In a world where there is so much vanity, and ‘cheap’ entertainment, it is a welcome retreat to see such ‘real’ art. The museum is akin to any great museum you might find in Europe. It is extremely diverse, wide and varied in it’s mediums and artists. Where else can you see items of such historical significance?
In so many ways, it doesn’t seem like such a place should exist. The history portrayed here is of Europe (much of it Italy) artifacts, not US. But then, US has very little of our own history… we are all after all, mostly descended from Europe. J Paul Getty, with all his wealth, fell in love with the Italian villas, and fascinated with Pompeii and the vast mosaics, artifacts, and history. So much in fact, that he wanted to share it with his fellow Americans… hence the Getty Museum.
Much of it is very religious is tone. But irregardless of your religious affiliations… it is definitely a sight to see.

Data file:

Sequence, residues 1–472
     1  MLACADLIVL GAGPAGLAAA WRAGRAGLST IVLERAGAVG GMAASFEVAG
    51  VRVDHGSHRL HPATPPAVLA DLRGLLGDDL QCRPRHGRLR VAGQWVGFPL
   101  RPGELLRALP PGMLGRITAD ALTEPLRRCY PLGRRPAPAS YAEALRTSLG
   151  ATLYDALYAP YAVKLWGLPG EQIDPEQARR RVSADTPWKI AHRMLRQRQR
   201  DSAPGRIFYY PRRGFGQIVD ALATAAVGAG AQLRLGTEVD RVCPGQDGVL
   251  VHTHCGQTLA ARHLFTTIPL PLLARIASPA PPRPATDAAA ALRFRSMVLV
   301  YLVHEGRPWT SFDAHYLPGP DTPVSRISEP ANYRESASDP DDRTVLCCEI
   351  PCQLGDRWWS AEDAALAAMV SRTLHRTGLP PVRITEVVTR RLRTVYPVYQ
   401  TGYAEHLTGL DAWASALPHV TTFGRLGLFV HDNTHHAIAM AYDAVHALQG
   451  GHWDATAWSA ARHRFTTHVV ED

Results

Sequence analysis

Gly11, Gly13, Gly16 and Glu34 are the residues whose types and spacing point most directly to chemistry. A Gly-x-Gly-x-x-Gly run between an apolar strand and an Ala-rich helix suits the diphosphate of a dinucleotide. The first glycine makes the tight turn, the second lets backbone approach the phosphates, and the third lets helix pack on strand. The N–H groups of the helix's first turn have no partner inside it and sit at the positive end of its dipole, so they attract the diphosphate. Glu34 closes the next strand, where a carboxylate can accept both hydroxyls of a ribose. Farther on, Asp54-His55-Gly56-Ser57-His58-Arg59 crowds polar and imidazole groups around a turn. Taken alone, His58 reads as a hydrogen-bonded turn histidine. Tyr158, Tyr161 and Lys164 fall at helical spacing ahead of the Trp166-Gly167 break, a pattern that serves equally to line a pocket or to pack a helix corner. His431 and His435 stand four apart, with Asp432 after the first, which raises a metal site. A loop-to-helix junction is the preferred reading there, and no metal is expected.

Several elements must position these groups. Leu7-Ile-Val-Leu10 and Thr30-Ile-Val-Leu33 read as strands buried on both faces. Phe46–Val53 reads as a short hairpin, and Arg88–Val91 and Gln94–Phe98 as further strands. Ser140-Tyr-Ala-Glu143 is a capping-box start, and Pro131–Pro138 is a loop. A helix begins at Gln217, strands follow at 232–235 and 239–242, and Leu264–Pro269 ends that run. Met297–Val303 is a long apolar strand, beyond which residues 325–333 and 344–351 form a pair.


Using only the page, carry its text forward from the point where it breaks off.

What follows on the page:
They say that some of the best photos are taken from your subject’s perspective. So if you are taking photos of a child or pets… to do it from their low vantage point. It brings more story telling to the photograph, seeing the world from their eyes.
One of my recent favorite subjects are these baby deer I keep seeing. There must be 4 families, with one mom and one baby each. Sometimes I see them all at once… sometimes only one at a time.
However I see them, it’s always a treat, and something I never tire of. The little fawns are each different. Some more playful, some more timid… some more scrawny, some more filled out.
Mom is ever watchful and protective of their new little ones, and quick to sense danger. It has been fun to watch their behavior and individual traits.
For more deer photos see my photo … here.
People call us ‘crafty’. I actually resent that term. When you’re using jackhammers and shoveling rock, building pizza ovens and garages, ‘crafty’ is the last thing you feel you are.
But yesterday, I must even admit, I practiced ‘crafty’.
I saw this little project, I got a wild hair, and decided to make some myself.